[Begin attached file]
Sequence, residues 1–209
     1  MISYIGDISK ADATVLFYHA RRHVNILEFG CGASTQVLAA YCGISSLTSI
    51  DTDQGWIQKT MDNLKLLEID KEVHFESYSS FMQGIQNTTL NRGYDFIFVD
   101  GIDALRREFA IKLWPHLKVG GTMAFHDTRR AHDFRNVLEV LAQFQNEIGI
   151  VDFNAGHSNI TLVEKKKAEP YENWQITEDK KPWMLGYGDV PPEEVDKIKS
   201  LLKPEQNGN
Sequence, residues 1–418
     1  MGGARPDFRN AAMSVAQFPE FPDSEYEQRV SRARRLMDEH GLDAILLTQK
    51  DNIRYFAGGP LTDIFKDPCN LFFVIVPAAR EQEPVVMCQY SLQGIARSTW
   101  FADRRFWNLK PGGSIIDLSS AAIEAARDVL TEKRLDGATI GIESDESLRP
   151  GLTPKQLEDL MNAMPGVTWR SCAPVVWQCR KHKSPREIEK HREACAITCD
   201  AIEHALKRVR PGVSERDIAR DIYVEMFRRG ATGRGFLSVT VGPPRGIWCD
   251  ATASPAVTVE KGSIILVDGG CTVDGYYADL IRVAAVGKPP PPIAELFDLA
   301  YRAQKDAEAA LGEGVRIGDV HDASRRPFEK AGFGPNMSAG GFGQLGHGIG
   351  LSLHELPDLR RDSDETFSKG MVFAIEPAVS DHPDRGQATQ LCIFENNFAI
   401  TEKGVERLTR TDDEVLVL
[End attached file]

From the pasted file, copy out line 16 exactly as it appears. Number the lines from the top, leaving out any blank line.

   401  TEKGVERLTR TDDEVLVL